Thursday, 21 June 2012

By Gove, you're wrong!

When I was 16, Mr Aherne, my school year head, spoke to all 200 boys in my year in a big room. But he mostly spoke to the great majority who were leaving rather than the small number of us going on to the 6th form. "Good luck," he said, "Enjoy your jobs or apprenticeships and don't get anyone pregnant just yet." It still brings a tear to my eye.

Michael Gove is right about one thing. Yes, there is competitive dumbing down. Schools, universities, exam boards and governments are driven to collude by a shared rhetoric that has little to do with education and everything to do with justifying their existence. One - just one - of the awful effects of this is to conflate qualifications with education. For example, in my own organisation, as I noted in a previous post, a promising but by no means academic 19 year-old who has never even wanted to go to university is being pushed through an MA from scratch in two years and will become better qualified and - on paper - more highly esteemed than the head of the organisation, whose only consolation is that she clearly employs such excellent part-time staff. Just think, funders, how good the full-time ones must be!

But rather than return to a hierarchical, two-tier system based on purely academic ability, which is what Gove seems to want, we'd do better to do what the Germans and Dutch have done for years, which is have a dual but parallel system, broadly divided between those whose skills are more academic and those whose skills are more practical, but with every attempt made to ensure a parity of esteem between them. The academic kids are just fine, and the less academic ones know they are getting a real education that will equip them not just with skills but with expertise, and they can use it later in real jobs, because not everyone in Germany and The Netherlands works in a bank or a call centre.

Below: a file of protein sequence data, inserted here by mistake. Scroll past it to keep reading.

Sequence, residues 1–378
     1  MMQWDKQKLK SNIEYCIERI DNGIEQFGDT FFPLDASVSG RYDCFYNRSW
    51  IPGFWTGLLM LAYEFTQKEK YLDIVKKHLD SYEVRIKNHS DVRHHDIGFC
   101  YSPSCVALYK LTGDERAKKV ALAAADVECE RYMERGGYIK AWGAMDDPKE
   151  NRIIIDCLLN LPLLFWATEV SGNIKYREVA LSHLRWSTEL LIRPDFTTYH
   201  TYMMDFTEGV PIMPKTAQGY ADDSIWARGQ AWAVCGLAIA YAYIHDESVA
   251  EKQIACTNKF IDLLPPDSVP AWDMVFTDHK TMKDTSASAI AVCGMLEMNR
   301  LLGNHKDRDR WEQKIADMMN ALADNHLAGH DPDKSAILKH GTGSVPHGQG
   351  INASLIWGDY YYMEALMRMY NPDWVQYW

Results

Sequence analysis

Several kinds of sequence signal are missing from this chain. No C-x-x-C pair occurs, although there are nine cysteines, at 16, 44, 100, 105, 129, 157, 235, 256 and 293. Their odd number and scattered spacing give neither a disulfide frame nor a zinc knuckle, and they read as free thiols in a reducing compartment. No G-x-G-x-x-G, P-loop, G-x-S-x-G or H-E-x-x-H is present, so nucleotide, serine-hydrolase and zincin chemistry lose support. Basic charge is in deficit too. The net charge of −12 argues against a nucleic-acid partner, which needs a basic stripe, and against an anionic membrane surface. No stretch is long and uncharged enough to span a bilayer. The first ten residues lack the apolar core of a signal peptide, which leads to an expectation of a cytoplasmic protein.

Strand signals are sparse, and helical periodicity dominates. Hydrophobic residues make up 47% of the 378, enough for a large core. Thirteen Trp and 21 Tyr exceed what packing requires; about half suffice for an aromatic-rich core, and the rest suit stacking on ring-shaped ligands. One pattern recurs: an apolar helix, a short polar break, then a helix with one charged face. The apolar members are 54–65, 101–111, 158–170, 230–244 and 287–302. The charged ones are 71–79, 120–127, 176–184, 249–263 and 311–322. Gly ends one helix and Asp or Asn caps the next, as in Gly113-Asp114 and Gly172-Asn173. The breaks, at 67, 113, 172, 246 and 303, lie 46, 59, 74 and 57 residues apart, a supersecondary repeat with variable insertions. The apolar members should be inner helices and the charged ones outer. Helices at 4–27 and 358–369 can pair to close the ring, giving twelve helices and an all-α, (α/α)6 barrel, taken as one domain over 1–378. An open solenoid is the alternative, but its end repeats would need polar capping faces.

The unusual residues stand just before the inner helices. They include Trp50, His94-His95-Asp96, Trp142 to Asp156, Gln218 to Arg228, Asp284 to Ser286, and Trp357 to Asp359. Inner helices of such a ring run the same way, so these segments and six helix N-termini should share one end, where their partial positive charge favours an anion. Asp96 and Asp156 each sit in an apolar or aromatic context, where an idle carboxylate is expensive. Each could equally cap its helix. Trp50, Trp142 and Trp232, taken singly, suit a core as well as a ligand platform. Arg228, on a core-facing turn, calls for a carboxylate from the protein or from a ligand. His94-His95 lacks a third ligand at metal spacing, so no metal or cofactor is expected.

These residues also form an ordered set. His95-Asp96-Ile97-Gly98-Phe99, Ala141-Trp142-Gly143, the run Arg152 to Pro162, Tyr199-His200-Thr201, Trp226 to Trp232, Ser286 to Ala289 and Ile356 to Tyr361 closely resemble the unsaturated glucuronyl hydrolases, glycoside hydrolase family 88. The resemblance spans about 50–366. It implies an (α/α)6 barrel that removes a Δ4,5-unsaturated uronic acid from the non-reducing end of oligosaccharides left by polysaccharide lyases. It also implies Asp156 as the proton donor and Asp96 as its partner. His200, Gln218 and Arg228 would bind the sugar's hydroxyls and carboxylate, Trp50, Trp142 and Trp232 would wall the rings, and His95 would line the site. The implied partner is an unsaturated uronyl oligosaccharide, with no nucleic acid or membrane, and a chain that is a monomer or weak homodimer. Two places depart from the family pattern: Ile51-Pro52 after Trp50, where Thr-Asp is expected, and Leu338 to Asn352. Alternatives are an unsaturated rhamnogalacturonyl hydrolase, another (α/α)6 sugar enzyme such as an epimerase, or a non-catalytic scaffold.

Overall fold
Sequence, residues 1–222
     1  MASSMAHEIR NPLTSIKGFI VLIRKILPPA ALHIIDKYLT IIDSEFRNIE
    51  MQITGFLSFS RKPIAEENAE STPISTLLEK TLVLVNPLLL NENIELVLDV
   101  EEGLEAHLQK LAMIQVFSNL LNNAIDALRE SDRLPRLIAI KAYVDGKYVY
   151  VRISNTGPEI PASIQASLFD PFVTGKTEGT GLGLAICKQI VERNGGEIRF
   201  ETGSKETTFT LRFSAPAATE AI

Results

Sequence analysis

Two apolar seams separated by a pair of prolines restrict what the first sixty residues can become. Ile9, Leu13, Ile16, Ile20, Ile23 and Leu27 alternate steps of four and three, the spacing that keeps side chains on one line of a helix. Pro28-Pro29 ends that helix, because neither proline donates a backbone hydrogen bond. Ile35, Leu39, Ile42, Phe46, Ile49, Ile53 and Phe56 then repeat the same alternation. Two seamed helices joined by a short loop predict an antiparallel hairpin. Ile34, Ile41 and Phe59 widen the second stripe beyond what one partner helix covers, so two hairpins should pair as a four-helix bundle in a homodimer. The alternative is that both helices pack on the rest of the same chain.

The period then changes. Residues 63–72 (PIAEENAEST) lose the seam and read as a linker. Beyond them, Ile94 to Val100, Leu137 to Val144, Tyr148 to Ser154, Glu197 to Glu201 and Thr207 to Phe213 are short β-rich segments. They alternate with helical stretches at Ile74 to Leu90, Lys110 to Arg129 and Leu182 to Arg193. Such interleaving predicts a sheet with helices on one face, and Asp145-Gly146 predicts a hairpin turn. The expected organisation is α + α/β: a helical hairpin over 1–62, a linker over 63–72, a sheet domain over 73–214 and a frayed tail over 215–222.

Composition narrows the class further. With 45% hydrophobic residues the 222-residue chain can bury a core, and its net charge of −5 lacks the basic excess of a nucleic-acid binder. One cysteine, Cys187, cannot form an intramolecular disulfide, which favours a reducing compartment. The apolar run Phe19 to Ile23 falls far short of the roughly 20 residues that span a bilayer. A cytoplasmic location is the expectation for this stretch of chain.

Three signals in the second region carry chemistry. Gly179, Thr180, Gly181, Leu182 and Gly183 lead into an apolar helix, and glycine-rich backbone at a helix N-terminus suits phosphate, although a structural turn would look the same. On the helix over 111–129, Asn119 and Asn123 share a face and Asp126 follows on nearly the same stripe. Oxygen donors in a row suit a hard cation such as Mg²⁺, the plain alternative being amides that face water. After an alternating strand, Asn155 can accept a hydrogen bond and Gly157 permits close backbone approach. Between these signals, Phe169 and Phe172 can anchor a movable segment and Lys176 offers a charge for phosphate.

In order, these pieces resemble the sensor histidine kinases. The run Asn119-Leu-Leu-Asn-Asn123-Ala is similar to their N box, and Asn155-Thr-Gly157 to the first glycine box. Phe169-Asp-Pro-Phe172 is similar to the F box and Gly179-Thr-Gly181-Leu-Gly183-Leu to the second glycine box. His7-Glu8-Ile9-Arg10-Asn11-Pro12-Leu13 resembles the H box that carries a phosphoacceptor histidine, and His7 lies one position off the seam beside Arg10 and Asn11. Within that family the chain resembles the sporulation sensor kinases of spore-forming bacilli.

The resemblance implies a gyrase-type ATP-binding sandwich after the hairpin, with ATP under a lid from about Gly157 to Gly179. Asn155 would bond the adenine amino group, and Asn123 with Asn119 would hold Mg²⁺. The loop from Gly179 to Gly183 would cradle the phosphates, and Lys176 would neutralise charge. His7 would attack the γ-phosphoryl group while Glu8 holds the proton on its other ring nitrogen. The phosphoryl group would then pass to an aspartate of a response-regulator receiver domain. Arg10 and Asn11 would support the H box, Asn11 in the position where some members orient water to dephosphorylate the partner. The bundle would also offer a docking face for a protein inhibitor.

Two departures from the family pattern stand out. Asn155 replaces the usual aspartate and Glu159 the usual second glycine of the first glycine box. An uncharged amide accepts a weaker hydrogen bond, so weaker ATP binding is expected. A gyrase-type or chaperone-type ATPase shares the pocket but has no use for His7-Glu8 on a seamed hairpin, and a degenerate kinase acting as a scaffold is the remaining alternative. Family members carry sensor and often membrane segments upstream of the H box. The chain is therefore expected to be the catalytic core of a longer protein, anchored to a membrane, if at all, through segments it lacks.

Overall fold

On the whole those countries don't privilege those of academic bent like we do, or write off the less academic like we do, so they don't have to come up with bullshit qualifications with bullshit content to try and pretend that we're all academic when we're not, or that the courses mean something when they don't.

Is it an accident that these are two countries which still make things, whose people don't all spend the day behind computer screens or being icily courteous to enraged phone-callers, which have a higher quality of living and, yes, cultural richness than us, and shared between more people, and - which for me clinches it - whose footballers tend to speak better English than ours do?

I'll bet you this: if British kids thought they would get a good education in practical subjects and that there were a good apprenticeship system waiting for them that led to real jobs that made things, we wouldn't have half the problems in our schools - and beyond - that we do today. And we wouldn't need bogus qualifications to prove it.


  1. Thanks for raising these issues. What practical subjects do you have in mind? That is, which practical subjects are currently lacking or underdeveloped?

  2. It's not that the subjects aren't taught, it's that they are seen as the preserve and sometimes the dumping ground of 'less able' (that is, less academically able) kids. This conditions expectations of what they can achieve as well as making the purpose of courses the boosting of 'self-esteem' rather than challenging them or transmitting useful skills. Many of these kids will have already been turned off education in subjects they'll need like English and Maths. Perhaps approaching non-practical subjects as a necessary extension of practical skills rather than a separate academic endeavour might help. I don't imagine, however, that this will happen unless there is an economic base that justifies the effort spent by providing worthwhile employment that gives pride and a sense of achievement, in which case self-esteem will follow and not have to be engineered.